Have you ever wondered why we decorate ourselves with necklaces, bracelets, rings and all types of ornaments? While clothes fulfill some of our basic needs by keeping us warm and cozy, accessories don’t seem to cover the same necessities. However, it might have more importance than you think!

Today we take a basic look at our fashion history and answer the question: why do we wear jewelry?

 

Why do we wear jewelry? The origins of accessories

Some of the oldest accessories found by scientists consist in jewelry made with beads, shells, bones of animals, leather, feathers, stones…and other natural materials which were easy to find and manipulate. The experts consider that this kind of colorful and basic jewelry responded to a form of imitation of the behavior shown by other animals: birds, for example, mate by showing off their colorful feathers and their unique designs.

It’s believed the first humans must have learned from them to decorate themselves to attract potential companions, and thus they experimented with different elements, hues and designs. The discovery of metal helped creating more complex designs: large collars, bracelets and rings began emerging in these first societies, becoming exceedingly popular.  

 

It’s also possible that jewelry and accessories were means used for identification, protection, and also a way of showing the person’s rank amongst the members of the community. This gave jewelry a social importance which derived from the increasingly complex development of societies: now jewelry was more than a way of attracting a partner, it was a sign of social and economic status.

From the Medieval Ages to the 18th century, jewelry became a symbol of elegance and power amongst the rich. The number and size of necklaces, rings and bracelets shown by a person, let others know their place in the community. Precious stones and metals were reserved for the richest, and jewelry with religious symbols became increasingly popular amongst Christians during this period.

 

Jewelry also became an investment and a currency during this period, and it was used by religious and political leaders as a way of showing their favoritism for certain individuals, or even to represent a particular position inside the hierarchy.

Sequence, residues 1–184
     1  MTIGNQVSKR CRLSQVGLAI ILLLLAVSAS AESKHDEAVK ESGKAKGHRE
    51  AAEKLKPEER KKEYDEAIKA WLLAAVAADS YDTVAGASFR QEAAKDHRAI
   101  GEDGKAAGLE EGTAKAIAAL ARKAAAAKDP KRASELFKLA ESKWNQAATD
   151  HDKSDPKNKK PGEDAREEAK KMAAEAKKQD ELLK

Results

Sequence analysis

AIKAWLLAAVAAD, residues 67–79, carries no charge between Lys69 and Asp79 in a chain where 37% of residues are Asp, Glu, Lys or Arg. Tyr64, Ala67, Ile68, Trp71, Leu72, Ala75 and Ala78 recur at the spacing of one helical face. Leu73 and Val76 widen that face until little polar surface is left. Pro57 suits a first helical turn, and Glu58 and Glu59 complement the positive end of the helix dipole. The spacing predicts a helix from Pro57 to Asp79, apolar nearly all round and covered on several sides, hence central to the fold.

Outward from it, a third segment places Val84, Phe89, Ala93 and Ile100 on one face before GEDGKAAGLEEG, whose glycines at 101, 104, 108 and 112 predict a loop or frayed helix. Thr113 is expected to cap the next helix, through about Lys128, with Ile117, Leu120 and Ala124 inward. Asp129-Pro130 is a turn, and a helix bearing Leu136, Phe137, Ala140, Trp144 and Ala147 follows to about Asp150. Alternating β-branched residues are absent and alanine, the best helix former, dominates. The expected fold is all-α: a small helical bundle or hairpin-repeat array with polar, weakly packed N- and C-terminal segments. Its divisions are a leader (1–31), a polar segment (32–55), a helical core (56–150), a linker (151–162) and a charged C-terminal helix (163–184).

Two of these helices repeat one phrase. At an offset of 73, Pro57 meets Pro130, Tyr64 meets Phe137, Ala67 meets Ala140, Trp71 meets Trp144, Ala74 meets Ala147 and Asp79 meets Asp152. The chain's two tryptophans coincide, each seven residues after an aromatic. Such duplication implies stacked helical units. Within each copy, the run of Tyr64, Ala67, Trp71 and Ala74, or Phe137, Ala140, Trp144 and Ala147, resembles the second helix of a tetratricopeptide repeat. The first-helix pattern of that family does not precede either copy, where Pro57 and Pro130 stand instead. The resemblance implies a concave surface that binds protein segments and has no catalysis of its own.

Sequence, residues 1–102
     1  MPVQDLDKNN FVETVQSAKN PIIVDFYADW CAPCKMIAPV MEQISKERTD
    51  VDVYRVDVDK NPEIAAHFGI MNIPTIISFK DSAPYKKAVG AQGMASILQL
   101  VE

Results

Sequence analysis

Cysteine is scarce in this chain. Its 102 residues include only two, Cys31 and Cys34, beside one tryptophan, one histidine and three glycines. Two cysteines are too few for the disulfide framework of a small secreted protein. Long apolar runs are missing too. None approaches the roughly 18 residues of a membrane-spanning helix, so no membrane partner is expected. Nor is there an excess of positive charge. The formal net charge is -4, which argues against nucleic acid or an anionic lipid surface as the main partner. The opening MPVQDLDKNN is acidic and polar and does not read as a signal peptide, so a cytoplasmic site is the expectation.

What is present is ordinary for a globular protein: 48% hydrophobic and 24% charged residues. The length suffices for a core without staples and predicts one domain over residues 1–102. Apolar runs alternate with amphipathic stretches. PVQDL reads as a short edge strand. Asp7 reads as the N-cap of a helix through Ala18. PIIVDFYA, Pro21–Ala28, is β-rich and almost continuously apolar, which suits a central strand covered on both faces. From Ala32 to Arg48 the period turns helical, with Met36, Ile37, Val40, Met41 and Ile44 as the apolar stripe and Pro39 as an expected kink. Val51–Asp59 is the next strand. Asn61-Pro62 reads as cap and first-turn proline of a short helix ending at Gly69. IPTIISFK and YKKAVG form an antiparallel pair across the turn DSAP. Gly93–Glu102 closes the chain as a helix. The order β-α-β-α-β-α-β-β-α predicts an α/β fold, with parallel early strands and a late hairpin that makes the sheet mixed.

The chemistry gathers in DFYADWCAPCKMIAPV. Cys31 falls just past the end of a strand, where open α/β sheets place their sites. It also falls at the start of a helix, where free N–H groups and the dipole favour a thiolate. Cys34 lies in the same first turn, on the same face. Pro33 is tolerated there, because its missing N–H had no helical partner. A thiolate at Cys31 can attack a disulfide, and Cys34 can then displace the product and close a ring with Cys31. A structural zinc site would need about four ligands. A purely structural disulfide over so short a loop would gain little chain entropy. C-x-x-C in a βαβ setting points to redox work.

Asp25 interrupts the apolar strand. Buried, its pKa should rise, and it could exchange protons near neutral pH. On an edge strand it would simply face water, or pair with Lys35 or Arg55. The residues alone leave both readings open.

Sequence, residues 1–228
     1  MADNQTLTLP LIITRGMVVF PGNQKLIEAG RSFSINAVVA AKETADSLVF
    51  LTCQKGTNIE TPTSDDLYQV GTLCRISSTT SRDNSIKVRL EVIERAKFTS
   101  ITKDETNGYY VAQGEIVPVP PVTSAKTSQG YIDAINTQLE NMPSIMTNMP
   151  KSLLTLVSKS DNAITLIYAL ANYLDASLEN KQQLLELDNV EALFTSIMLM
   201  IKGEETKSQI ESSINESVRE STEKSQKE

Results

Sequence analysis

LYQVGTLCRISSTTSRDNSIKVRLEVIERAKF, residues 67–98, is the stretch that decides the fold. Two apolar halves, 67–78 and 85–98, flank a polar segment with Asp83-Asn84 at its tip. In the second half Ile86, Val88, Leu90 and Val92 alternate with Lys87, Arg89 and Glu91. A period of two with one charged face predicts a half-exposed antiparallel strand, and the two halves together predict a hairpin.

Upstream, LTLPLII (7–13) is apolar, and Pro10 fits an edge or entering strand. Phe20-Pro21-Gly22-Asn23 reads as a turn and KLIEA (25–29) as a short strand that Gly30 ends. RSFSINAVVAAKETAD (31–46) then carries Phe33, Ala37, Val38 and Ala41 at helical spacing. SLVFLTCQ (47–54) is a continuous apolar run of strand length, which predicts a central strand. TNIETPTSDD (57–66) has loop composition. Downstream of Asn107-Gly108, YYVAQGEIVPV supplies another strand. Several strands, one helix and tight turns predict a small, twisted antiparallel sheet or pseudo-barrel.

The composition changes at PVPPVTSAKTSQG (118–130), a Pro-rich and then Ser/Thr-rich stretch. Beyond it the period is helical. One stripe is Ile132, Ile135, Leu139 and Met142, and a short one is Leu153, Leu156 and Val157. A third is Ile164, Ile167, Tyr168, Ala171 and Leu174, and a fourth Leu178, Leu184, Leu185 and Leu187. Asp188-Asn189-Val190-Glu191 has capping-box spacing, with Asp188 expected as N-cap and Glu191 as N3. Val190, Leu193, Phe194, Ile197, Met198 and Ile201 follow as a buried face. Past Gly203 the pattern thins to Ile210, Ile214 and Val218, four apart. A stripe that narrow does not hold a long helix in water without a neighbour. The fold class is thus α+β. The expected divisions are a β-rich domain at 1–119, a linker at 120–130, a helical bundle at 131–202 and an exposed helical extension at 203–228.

From the 17th and 18th century and beyond, jewelry also took other connotations. Certain materials, such as crystals and precious stones, were believed to be link with special healing or mystical powers, and the idea of birthstones linked to a particular month, or gemstones which could cure diseases, became extremely popular amongst people.

 

Why do we wear jewelry today?

As we’ve seen, the history of jewelry shows how it evolved from a simple accessory for mating rituals to important socioeconomic connotations. However, nowadays jewelry is much more accessible to all social classes, and although some materials continue to be coveted due to their rarity and luxuriousness, today it’s possible to find beautiful and acquirable accessories for a more reasonable price.

So, why do we wear jewelry today?

Well, the main reason derives from jewelry as a mean of expression. Although fashion tends to standardize certain ways of dressing and looking, jewelry and accessories are perfect for stylizing an outfit according to your personality and preferences: from a deep liking of a certain color or shape, to religious beliefs, hobbies and interests…jewelry is a great way of showing the world who you are without having to speak a word.

 

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Sources:
Lushaejewelry. The history of jewelry. http://www.lushaejewelry.com/History
SayWhyDoI.com. The History of Jewelry: Why do we wear jewelry? http://www.saywhydoi.com/the-history-of-jewelry-why-do-we-wear-jewelry/
Star jewels. Why do we wear jewellery? http://www.starjewels.com.au/blog/wear-jewellery-3/
StreetDirectory.com. Why do we wear jewelry? A psycho-anthropological perspective. http://www.streetdirectory.com/travel_guide/61819/jewelry/why_do_we_need_jewelry_a_psycho_anthropological_perspective.html
Victoria and Albert Museum. A history of jewellery. http://www.vam.ac.uk/content/articles/h/history-jewellery/